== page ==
CREVE COEUR • Judy Moresi needed to hide a body in a wall. But she wasn’t sure how.
Enter some feedback from a writing colleague – how about a chase wall? That’s a wall built to conceal ductwork, piping and, potentially, a body.
It would work, Moresi thought.
As for the smell? “She’s in a plastic bag,” Moresi deadpans.
Such is a typical meeting of the Greater St. Louis Chapter of the Sisters in Crime, a group of “sisters” — and a few men, the “misters” — who read mysteries and write them as well.
Sisters in Crime is an international group, with nearly 50 chapters and 3,600 members. It was founded in 1986 to help women reach equal status in the mystery writing industry. The St. Louis chapter has been active for about 15 years. It has about two dozen members, who meet monthly at the Creve Coeur Community Center.
They talk about all things criminal, mysterious and literary and welcome various guests — a self-defense expert, a gun enthusiast, and, during their most recent meeting, a ghost hunter.
Jennifer Hasheider, 39, of St. Peters, is a member of the group and also goes on ghost hunts for a hobby. She showed off several pieces of equipment she uses on hunts – special meters, a thermometer, and a set of metal divining rods. “They’re banned from most ghost hunts,” she explained. “These are the Red Ryder BB guns of ghost hunting. You’re gonna poke your eyes out.”
As she spoke, you could almost see the gears turning in the members’ heads: why not include a ghost hunt in the next mystery?
Everyone in the group has a different background, and because they share their experiences they learn from one another. “They’re intelligent, and they’re fun, and they’re creative, and we all get along real well,” said Moresi. “We have a good time. It’s also a working meeting.”
It’s those different backgrounds that also creep their way into their writing. Moresi, 69, of St. Charles County, sang as a backup singer for country music bands years ago. She also was a runway model and was in Dallas and waved to President John Kennedy just moments before he has shot. She’s working on a novel based in the world of Branson’s country music, and she published one based on a visit years ago to the Missouri History Museum, where she learned about a stolen coat. “Everything I think is interesting makes it way into my stories,” she said.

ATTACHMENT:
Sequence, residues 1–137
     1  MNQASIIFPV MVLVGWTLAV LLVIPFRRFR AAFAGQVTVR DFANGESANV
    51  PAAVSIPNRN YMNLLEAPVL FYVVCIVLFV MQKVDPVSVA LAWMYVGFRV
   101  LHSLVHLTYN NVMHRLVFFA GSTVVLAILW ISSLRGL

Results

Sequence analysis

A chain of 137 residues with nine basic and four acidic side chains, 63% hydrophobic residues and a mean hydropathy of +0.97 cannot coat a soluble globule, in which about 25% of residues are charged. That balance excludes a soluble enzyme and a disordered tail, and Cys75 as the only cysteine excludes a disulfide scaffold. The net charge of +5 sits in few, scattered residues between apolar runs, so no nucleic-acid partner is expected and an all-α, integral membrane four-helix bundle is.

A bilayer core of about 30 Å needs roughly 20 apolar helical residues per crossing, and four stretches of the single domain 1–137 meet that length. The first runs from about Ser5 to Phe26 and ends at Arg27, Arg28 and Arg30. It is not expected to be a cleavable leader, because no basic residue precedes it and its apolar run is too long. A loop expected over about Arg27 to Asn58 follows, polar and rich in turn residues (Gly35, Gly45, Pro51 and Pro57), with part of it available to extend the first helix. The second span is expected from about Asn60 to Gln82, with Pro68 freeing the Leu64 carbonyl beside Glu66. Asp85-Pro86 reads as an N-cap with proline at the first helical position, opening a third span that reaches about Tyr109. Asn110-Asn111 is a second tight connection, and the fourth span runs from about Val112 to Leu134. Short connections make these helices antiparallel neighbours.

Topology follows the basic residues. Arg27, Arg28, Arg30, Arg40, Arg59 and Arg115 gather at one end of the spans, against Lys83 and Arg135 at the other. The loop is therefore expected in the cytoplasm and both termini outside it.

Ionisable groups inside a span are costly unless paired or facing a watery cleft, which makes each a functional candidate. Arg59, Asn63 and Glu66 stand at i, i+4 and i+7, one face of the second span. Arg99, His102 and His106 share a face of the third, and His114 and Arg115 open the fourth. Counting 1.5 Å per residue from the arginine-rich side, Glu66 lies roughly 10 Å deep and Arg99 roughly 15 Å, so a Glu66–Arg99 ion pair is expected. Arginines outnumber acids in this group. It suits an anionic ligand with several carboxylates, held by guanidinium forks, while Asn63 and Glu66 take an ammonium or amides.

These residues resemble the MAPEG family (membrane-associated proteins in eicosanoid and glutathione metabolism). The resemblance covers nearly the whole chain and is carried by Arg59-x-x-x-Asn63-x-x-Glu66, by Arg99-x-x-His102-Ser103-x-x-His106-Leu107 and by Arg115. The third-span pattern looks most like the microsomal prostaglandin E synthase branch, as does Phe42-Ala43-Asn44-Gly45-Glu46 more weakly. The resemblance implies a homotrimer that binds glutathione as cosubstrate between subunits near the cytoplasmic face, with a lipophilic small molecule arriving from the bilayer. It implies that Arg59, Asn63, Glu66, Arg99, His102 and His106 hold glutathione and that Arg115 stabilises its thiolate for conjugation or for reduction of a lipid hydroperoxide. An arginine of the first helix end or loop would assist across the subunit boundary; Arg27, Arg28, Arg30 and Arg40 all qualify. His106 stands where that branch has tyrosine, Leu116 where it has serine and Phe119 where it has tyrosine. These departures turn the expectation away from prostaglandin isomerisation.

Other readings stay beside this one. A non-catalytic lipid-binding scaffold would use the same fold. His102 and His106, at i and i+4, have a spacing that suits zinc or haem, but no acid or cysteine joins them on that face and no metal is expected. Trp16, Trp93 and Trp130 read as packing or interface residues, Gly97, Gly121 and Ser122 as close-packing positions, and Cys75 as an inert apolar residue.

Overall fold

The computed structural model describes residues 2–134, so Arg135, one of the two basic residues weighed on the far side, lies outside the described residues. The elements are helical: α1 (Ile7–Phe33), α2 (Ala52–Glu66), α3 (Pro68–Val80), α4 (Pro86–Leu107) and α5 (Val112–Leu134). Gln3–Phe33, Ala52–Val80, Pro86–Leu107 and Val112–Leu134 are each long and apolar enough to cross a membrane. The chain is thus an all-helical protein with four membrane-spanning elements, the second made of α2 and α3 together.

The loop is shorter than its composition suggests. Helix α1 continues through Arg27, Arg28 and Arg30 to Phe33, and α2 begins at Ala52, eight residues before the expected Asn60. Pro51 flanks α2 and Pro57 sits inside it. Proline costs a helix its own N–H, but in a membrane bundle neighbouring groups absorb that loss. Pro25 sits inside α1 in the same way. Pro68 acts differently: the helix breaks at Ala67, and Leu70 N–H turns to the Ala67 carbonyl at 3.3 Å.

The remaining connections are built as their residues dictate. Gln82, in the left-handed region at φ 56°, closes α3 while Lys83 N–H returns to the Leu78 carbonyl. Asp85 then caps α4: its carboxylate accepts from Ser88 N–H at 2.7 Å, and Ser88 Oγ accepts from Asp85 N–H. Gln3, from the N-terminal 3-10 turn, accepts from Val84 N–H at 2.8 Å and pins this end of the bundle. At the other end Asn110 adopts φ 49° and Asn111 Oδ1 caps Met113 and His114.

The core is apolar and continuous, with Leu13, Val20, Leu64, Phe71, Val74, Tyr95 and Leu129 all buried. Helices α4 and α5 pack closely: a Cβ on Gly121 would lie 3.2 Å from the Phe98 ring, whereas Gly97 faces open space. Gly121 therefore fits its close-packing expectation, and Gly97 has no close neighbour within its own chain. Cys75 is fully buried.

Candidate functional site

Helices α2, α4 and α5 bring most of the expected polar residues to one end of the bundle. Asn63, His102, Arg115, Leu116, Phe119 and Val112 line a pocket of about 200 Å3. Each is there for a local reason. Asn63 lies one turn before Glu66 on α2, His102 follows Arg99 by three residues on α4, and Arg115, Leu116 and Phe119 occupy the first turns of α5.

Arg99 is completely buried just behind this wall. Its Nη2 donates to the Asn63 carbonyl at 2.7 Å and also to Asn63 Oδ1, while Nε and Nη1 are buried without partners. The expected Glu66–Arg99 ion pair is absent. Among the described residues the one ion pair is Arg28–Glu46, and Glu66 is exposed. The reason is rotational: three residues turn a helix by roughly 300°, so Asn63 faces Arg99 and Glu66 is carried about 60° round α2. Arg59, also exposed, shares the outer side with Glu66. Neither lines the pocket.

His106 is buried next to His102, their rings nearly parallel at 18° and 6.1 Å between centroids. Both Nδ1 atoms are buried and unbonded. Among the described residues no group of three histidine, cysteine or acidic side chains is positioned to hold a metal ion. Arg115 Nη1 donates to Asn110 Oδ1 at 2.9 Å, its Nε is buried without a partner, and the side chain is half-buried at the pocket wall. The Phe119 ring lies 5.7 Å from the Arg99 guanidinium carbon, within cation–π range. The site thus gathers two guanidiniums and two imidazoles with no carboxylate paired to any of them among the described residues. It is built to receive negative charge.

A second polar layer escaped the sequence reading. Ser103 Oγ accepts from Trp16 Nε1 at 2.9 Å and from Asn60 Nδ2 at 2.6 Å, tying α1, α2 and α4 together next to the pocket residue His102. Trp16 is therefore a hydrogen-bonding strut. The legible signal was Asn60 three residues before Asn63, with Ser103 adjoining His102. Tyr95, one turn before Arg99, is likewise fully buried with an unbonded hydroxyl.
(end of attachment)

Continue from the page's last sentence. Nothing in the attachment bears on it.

Claire Applewhite, 57, of Town and Country, has written novels that feature car bombings in 1980s St. Louis, love among wealthy St. Louisans and a patient’s diary found during renovations at City Hospital. For Christmas, her children got her a subscription to the Evening Whirl, a local newspaper that specializes in the gritty. Her children joke it’s probably the only subscription mailed to tonier Town and Country, but Applewhite is a devoted reader.
She finds comfort in talking about her work with other women, such as hashing out marketing struggles. “I don’t want to be a whiner — that’s how I feel. I don’t want to come across as weak,” she said. “With other women, that’s not an issue.”
Writing, says Applewhite, is only half her job – marketing is the other half. That is another thing the writers tackle during their meetings, and they bounce around ideas and tips for book signings, writing proposals, website materials and speeches.
Kelly Cochran, 53, of south St. Louis County, has ventured into the world of e-books to get her name out there and gave away more than 27,000 copies of her first novel, partly as a way to get people interested in buying her second. She’s thrilled that people all over the world have downloaded it.
“I’m happy, but I’m not rich,” she said.
And that’s OK, members say.
By nature, like many women, they’re multitaskers: juggling careers, children and a love of mysteries, explains group president Pam DeVoe, 66, of Town and Country. “I think fitting in writing means you have a passion for writing,” she said.